Lost in her own thoughts, Sarah doesn’t see the man walking straight towards her. Lost in his documents, he fails to see her as well. They bump into each other, heads first. The man looks up, annoyed and irritated written all over his face. A flushed Sarah raises her head. She hasn’t been this close to a man’s face since Spencer, her on and off boyfriend for two years. Three years ago on a cold October day he had left. Jumped on a train without so much as a goodbye. She had been too much for him, too many thoughts and too many quirks. That was his exact words. That simple.
“I’m so sorry, I don’t know what is going on with me, I guess I was having a lazy moment and -” The man interrupts her with an irritable “Hmph” sound and rushes on. Sarah always starts talking nonstop whenever she’s nervous. Pathetic, that is how she feels. There they are again, the thoughts. Maybe Spencer had been right all along. She does indeed have many thoughts, but then again, doesn’t everybody?
Sarah heads towards Hyde Park. The atmosphere here always manages to make her feel better. Away from the stress and discomfort that chases central London like a dark shadow. Her usual bench glistens in the sun and for one short second the park looks like it is magical. Dark orange and light red leaves dances in the air, touching the ground only occasionally. Sarah has always wanted to be a ballerina. Her mother paid for lessons when she was six, but stopped after a year because there was little or no progression in Sarah’s dancing, as she had told Mrs Swansea, the dancing instructor. Sarah’s dreams had been thrown in the trash together with the ballerina shoes, and although it was a silly thing, she still hadn’t quite gotten over it. It was the only hobby she had ever had; disregarded of the two weeks she had played the piano, wishing to become the next Beethoven.
She needed to talk to someone. Maybe make a new friend. That would be a nice change. Her introversion had become worse the last year and she knew it. The city had become something unfamiliar and unsafe, the faces she met was blank and it felt as though she were in a horror movie, being the only survival of a catastrophe that turned people into living ghosts. Maybe it was she that was the ghost? How can you ever know for certain if you’re dead or alive? All the questions threaten to suffocate her like the blue and red and yellow wooden scarf her mother used to tuck around her neck. How she had hated that scarf.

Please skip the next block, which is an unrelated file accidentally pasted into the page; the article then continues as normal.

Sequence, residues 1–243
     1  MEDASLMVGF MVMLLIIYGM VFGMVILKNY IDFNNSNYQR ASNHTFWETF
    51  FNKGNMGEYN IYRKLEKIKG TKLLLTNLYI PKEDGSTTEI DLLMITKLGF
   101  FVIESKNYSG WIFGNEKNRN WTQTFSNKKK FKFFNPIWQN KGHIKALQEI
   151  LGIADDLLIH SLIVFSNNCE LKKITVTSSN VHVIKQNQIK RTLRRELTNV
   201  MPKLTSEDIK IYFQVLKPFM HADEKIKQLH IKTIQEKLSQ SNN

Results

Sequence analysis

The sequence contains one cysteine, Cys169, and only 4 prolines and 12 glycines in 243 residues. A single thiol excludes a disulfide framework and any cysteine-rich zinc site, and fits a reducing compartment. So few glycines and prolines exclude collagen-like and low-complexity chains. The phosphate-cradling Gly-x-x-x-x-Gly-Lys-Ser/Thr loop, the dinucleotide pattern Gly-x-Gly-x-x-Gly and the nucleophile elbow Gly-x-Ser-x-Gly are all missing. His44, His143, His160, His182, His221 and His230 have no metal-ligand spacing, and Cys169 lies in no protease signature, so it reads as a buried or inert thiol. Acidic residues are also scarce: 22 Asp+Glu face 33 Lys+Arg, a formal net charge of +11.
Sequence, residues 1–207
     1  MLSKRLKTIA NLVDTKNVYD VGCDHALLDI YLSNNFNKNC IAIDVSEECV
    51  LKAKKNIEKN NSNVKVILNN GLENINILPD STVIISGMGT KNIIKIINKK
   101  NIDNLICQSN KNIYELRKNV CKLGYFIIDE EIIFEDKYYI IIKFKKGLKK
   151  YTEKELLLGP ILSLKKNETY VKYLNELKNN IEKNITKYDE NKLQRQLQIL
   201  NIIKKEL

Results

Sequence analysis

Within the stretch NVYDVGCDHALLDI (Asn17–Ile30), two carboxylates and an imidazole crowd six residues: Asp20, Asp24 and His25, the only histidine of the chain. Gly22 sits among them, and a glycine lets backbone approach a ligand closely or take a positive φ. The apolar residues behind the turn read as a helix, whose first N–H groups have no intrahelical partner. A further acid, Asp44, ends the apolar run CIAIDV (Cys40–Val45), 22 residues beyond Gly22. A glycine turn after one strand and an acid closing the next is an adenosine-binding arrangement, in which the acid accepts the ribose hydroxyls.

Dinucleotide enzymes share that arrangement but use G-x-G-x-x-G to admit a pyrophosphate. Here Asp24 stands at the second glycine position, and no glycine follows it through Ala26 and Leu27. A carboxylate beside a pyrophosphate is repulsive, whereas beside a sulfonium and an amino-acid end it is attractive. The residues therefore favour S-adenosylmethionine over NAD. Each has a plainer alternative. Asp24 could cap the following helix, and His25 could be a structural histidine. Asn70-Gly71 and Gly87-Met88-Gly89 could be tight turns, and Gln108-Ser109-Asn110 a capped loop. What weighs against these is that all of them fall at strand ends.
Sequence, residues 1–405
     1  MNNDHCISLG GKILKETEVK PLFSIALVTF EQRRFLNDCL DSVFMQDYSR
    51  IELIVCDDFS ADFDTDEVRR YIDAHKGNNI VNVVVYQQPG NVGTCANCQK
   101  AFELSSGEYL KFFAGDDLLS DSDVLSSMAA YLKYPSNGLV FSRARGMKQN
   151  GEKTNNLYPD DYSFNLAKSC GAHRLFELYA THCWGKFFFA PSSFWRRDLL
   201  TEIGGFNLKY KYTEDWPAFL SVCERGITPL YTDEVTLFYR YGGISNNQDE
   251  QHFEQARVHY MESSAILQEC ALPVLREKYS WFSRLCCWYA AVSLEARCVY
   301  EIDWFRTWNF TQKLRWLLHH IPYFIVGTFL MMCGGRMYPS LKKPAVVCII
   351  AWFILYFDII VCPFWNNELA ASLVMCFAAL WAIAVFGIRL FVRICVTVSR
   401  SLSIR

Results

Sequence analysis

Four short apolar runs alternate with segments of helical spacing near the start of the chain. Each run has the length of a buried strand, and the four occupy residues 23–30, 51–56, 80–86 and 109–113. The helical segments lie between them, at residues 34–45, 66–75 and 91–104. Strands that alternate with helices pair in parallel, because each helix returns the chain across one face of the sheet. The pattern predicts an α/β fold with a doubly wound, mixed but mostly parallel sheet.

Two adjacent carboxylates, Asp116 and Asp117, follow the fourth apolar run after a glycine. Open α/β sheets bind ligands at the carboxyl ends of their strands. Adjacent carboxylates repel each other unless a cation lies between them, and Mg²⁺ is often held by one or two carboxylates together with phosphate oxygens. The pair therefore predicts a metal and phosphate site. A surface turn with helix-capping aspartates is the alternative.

“Care to try this bench?” Sarah asks a middle-aged man carrying the Metro under his arm and tries to smile. It fails. He sits down nevertheless.
“It’s a lovely day, isn’t it?” A typical start to a typical conversation, precisely what Sarah imagines other people on other benches would engage in. The bench is just large enough for two people to sit on without having to be seated on each other’s laps. They talk about the weather as one can, and should, do. It’s getting colder for each day, yes. The colourful leaves make the park look even more spectacular than normal, indeed. They run out of words to explain how the light breeze feels like a cold hand against their cheek, almost like touching a dead person. Or how the black sky that embraces the city so early nowadays, earlier for each day and with only a couple shining stars, reminds them of how magnificently large the universe is. How tiny the earth is and how unimportant their existences are, seen in context of the larger picture that is. So they move on to animals. Flowers. Weddings.